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A Closer Look at San Diego's Strong Mayor System

by Blake Bunch, published

SD City Hall(City Hall) -- Mayor elect Bob Filner will be the second mayor to serve San Diego under the city's relatively young Strong Mayor system. The city switched from the City Manager government to the current Strong Mayor form on January 1, 2006. Under the new system the Mayor is the City's Chief Executive Officer, functioning similar to the governor or the president. The council will operate as the legislative body, ensuring a system of checks-and-balances on Filner.

San Diego Strong Mayor, Measure D, passed on the June 8, 2010 with 82,162 "yes" votes (60.53%), as opposed to 53,581 "no" votes (39.47%). Obviously San Diegans voted for their city to be run a certain way, but many may have forgotten as to what it entails.

Operating as CEO of the city, Filner will be involved in the management of daily city operations, will be responsible for drafting the FY2014 budget, as well as head up labor negotiations. City council is responsible for the ratification of the budget, so they have final say in budgetary and land use issues.

Measure D read on the June 8, 2010 ballot:

"Shall the charter be revised to make permanent the Strong Mayor form of governance; add a Ninth council seat; and, when the ninth seat is filled, increase the Council votes required to override a mayoral veto to a two-thirds vote?"

Mayor Jerry Sanders, along with attorney John Davies, were avid supporters of the measure. Sanders felt that under the City Manager system of San Diego government, that all power resided in city council.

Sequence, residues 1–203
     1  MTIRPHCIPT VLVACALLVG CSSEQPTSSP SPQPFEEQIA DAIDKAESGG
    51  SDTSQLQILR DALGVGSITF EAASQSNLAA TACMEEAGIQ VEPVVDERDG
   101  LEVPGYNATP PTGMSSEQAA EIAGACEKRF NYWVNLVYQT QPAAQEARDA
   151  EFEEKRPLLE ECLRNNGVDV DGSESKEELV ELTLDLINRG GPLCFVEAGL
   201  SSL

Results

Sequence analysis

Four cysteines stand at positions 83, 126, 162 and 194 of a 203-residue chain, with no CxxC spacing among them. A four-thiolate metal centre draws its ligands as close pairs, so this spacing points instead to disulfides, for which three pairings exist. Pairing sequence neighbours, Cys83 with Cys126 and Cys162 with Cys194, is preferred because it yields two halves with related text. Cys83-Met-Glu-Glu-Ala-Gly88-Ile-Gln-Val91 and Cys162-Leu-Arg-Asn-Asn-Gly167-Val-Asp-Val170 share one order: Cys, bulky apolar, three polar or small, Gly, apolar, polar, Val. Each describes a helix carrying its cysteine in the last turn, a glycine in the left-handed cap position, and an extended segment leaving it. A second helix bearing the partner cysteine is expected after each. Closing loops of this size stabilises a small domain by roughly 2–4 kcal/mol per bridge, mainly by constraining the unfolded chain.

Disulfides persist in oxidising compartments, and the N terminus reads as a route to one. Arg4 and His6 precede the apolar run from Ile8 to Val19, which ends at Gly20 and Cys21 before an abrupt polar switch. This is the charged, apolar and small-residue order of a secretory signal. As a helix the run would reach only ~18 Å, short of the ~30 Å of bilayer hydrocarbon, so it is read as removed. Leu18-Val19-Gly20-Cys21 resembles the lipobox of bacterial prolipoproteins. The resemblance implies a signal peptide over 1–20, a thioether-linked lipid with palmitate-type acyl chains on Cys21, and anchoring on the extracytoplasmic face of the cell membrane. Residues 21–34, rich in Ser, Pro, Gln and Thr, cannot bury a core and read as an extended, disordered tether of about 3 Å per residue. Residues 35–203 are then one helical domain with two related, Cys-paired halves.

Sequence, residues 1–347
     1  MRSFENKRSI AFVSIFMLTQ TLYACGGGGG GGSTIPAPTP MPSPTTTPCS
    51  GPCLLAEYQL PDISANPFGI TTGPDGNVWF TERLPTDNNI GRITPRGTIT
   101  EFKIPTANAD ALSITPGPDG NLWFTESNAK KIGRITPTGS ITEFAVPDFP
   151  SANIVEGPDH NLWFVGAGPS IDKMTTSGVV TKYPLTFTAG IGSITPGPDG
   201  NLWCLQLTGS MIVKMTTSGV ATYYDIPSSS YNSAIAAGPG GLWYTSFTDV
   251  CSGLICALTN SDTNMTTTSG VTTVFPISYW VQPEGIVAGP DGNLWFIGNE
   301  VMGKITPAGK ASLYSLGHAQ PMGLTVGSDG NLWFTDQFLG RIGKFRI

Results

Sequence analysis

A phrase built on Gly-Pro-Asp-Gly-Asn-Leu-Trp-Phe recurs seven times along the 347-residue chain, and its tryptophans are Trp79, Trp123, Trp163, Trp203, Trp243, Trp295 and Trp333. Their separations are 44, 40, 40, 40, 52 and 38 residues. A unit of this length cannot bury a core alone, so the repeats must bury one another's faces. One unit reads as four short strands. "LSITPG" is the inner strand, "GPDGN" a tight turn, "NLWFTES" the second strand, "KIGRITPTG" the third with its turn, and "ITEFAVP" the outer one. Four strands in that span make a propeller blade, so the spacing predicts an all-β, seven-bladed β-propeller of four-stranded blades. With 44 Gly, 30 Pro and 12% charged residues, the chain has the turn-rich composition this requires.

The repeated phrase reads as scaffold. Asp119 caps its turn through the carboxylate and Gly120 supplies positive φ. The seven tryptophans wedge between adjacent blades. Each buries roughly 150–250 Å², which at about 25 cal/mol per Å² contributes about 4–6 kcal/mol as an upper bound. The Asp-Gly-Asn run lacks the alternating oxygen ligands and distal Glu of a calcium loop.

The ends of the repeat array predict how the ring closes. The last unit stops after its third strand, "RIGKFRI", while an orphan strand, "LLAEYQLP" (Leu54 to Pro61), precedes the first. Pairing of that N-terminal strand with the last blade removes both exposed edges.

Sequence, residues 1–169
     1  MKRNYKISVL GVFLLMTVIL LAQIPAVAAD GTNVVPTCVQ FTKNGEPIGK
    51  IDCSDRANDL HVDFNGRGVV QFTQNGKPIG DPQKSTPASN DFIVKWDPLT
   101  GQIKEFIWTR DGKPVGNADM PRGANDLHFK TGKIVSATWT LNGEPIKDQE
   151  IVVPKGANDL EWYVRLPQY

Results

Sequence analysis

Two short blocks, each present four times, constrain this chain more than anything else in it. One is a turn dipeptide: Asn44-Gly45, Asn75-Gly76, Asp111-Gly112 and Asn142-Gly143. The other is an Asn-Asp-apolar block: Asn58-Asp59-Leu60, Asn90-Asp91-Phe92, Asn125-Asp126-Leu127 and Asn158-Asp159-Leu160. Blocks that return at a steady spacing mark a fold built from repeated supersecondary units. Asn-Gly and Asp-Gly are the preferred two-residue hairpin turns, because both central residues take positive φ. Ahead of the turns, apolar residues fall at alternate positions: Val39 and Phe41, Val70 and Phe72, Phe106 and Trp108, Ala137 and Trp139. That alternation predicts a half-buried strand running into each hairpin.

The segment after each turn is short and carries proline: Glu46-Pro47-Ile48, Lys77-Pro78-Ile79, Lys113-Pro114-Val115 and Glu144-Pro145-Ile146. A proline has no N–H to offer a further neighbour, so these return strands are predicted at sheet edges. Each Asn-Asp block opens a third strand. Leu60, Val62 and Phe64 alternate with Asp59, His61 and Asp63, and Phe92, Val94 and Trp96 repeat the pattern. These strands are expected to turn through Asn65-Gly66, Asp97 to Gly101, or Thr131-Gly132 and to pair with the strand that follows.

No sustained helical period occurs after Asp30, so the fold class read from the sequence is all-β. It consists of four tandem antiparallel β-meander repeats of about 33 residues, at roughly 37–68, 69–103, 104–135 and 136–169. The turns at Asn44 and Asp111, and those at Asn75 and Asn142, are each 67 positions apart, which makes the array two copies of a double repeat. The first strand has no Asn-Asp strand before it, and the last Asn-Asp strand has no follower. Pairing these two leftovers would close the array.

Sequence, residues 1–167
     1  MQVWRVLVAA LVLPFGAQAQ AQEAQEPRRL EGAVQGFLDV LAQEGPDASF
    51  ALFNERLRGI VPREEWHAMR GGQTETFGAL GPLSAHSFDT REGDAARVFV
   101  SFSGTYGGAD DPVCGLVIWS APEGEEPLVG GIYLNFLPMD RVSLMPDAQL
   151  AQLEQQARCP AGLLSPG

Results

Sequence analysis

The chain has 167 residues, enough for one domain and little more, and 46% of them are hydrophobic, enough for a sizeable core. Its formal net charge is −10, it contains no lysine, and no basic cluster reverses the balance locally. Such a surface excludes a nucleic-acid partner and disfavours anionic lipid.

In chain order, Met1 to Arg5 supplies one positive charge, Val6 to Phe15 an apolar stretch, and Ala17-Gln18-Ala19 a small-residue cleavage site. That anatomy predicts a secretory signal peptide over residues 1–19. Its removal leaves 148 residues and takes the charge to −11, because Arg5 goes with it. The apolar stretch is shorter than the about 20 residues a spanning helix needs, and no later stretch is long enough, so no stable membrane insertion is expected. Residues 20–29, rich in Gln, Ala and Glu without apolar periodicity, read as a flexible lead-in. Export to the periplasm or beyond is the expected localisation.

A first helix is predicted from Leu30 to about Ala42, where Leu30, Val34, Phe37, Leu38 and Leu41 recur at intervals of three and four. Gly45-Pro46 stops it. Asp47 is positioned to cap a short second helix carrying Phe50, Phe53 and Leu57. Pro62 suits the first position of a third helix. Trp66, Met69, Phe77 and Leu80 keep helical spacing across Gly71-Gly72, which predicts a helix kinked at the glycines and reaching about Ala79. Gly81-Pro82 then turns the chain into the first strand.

The ratification of Measure D, as well as all prior Strong Mayor legislature, makes for the five year experiment period. Not only is the system of governance permanent, but also adds a ninth seat to the City Council changing the override of a mayoral veto from a simple majority to two-thirds the vote.

This past March 20 saw some more stipulations added to the Strong Mayor system. In a unanimous vote by city council, Mayor Elect Filner will be able to negotiate contracts up to $30 million. This is a vast difference from the prior ceiling, which was set at $1million during Mayor Sanders tenure. Of this $30 million, 99% of upcoming city projects will be covered.

Mayor elect Filner certainly has a steady role to play in December. It will take an adjustment period, as Mayor Sanders will be actively participating in the transition, all the while serving as CEO of the San Diego Chamber of Commerce .

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